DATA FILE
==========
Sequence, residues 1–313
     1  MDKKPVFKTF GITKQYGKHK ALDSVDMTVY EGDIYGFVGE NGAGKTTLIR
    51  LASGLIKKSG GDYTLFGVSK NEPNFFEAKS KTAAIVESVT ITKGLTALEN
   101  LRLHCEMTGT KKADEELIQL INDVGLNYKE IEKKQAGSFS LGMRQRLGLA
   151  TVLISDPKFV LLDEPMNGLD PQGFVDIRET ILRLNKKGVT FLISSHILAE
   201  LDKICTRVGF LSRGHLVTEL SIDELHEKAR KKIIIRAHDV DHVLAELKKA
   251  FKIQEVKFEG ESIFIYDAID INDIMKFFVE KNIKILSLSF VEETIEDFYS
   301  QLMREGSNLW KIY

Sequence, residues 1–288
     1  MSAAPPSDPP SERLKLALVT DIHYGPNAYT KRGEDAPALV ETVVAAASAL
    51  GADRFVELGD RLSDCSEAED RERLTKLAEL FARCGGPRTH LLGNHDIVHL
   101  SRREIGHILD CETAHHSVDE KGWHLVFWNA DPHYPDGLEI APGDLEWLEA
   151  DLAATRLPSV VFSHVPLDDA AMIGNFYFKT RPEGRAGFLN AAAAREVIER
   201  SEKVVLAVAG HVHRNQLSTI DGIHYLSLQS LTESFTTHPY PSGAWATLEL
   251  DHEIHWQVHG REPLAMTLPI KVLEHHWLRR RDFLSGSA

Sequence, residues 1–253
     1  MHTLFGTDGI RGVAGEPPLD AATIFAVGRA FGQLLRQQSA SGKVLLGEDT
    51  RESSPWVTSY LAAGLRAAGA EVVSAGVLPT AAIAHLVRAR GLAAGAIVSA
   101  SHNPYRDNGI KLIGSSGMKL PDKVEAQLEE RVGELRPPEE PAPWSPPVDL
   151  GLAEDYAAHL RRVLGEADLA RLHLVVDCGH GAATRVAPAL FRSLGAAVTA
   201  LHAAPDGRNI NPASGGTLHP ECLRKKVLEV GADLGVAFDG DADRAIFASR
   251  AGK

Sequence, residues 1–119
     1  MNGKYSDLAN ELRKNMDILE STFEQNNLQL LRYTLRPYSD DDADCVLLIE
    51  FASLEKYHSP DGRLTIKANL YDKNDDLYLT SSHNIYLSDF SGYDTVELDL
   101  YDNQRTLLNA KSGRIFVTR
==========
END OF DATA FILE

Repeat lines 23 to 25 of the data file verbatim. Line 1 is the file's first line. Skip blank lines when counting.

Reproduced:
Sequence, residues 1–119
     1  MNGKYSDLAN ELRKNMDILE STFEQNNLQL LRYTLRPYSD DDADCVLLIE
    51  FASLEKYHSP DGRLTIKANL YDKNDDLYLT SSHNIYLSDF SGYDTVELDL